I looked up the Sylvia Plath poem “Lady Lazarus” after watching this episode of “Mad Men” that borrows the title.
It’s an arresting work, blending her pain with Holocaust horrors in sharp-edged way that hurts to read. It was written about four months before she committed suicide in February 1963.
The obvious “Mad Men” parallel is the arresting character introduced in this seg, Beth, wife of Howard Daws, Pete Campbell’s craven train companion. I could hear the squeals of millions of TV geeks exulting in the collision of “Gilmore Girls” and “Mad Men” through the casting of Alexis Bledel as Beth. But there was nothing done with a wink in this role, and Bledel was really good, as “Gilmore” fans always knew she would be in a meaty dramatic part. A young wife, eaten alive by the certainty that her husband is cheating on her — something Plath knew all too well thanks to that rat Ted Hughes.
As much as this was an episode about Pete and his further descent into suburban alienation, it was an episode about Don and Megan too. The key intersection there for me was in the scene toward the end where Don is talking with Roger about Megan’s decision to quit Sterling Cooper to pursue acting again. He mentions to Roger (while lying on the couch in classic psychoanalysis pose) that he doesn’t want Megan to wind up like Betty or Megan’s mother — unhappy and unfulfilled. (He also delivers a great line: “I was raised in the ’30s. I wanted indoor plumbing.”)
Megan is benefitting from all of Don’s mistakes with Betty. (And now we know for sure Don sees Betty as a pitiable figure, like the rest of us.) Megan stands up for herself regarding the job, having a child, and she even tells Don to start “Revolver” with last song on side two, “Tomorrow Never Knows.” (As many others noted on Twitter, licensing the Beatles for this seg could not have come cheap. Somewhere, Johnny Moondog is smiling.)
But you can just tell that Don is uncomfortable with her decision – one of those great wordless perfs by Jon Hamm. And for anyone who might not have picked up on it, there was the tense scene in the Drapers’ kitchen where a barefoot Megan gushes: “You’re everything I hoped you’d be.” Don responds unconvincingly “You too.”
The Cool-Whip storyline was interesting for the question it raised about why Megan would turn down the chance at a commercial if she’s trying to restart her acting career? Maybe she thinks it would kill any legit cred she hoped to build up? The scene in the test kitchen gave Peggy a golden chance to yell at Don. I have no doubt he’s going to yell right back at her and then some in an episode or two. Peggy’s priceless moment of this seg had to be her answering her office phone as “Pizza House” in a lame attempt to avoid Don’s call. I don’t blame Peggy for being pissed at Megan for putting her in a tough spot with her boss. That would really suck. And she was clearly right when she hollered at Don about how much time and energy she too put in to shaping the boss’ wife into a copywriter. I think another point of that whole sequence was to prove that you can’t rehearse chemistry — either you got it or you don’t.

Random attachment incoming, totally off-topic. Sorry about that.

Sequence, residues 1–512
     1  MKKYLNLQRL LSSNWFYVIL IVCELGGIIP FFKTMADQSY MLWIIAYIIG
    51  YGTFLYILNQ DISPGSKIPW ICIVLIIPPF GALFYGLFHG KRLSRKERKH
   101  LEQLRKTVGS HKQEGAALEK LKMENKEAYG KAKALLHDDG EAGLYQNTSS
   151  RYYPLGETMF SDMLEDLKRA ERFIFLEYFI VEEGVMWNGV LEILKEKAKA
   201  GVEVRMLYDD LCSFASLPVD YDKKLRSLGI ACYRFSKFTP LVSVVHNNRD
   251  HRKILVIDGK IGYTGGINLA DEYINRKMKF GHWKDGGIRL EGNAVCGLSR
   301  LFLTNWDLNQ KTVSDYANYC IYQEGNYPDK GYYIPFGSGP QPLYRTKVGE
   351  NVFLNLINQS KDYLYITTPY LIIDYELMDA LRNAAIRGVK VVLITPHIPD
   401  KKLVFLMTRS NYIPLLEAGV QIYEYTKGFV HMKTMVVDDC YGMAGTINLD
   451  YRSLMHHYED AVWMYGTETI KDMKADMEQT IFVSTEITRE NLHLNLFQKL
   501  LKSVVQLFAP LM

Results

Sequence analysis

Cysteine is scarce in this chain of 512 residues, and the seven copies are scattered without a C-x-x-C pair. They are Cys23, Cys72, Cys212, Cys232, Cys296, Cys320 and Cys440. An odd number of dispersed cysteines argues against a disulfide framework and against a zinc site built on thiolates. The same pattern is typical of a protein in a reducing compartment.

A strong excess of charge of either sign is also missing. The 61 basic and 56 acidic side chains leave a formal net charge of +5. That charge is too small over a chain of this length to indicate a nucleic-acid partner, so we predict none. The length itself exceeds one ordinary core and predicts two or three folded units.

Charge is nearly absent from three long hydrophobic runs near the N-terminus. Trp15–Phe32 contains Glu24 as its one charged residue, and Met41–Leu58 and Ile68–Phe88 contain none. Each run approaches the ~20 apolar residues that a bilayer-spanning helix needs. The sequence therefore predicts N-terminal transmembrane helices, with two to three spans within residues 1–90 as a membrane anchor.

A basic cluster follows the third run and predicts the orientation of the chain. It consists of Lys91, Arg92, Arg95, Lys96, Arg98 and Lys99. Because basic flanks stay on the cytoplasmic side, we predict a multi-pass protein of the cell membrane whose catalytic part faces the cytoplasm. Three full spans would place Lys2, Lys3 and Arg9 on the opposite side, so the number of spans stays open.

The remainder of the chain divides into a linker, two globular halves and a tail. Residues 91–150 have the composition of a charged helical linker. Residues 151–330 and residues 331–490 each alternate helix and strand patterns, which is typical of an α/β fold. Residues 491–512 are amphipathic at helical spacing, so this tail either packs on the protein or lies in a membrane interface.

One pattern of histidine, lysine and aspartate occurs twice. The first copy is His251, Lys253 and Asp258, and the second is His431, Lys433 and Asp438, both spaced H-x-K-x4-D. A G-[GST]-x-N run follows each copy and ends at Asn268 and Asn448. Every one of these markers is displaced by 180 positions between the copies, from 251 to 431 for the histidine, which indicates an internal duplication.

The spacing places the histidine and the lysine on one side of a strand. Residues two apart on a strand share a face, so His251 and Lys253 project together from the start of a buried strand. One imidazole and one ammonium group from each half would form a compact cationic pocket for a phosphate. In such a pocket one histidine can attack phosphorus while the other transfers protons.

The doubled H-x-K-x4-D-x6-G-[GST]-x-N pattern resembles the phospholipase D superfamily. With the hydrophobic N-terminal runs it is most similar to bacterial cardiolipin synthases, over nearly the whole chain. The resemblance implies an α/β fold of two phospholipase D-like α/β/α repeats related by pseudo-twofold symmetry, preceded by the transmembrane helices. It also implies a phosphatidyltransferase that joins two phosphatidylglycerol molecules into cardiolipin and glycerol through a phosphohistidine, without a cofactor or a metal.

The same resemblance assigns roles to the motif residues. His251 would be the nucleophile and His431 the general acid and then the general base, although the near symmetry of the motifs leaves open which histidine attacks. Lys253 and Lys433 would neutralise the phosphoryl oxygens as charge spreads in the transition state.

To the end, Peggy remains generous in spirit when it comes to Megan, even as Joan gets more cynical. Get the feeling Joan’s seeing her opening now that Roger is about to be back on the market? It was the way she sneered about the second wife “playbook.” Peggy, on the other hand, seems to be gradually reaching an is-that-all-there-is? career crisis moment. It’s complicated by the fact that it was so hard for her to get there in the first place, she won’t easily give it up. That’s why she remarks “that takes guts” as Megan departs their cramped office.
Another thing we see in this episode is the rise of pop culture as an all-consuming force in the social and economic landscape. It’s why Ginsberg refers to his pitch for Chevalier Blanc as “A Hard Day’s Night” and later “The Birds.” And this is why Don is so frustrated and feels so out of it when they’re trying to find the perfect song requested for the campaign by the client. Everything becomes a reference to some other element of pop culture – which is of itself an effort to narrow the scope of campaigns to hit they key adult demos first and foremost. Don is felling out of the demo, but Megan lets him down easy: “No one can keep up. It’s always changing.” (Just wait til you see Twitter and Facebook, Megs.)
Last thought before I nod off: What does Ginsberg have against “September Song.” It’s a timeless tune from Kurt Weill, a Jewish composer who fled Germany in the 1930s for the U.S., where he teamed with lyricist Maxwell Anderson on musical theater projects. “These precious days, I spend with you…”
That line almost as revealing for this seg as the last line of Plath’s “Lady Lazarus.”
“And I eat men like air.” Just ask Pete Campbell.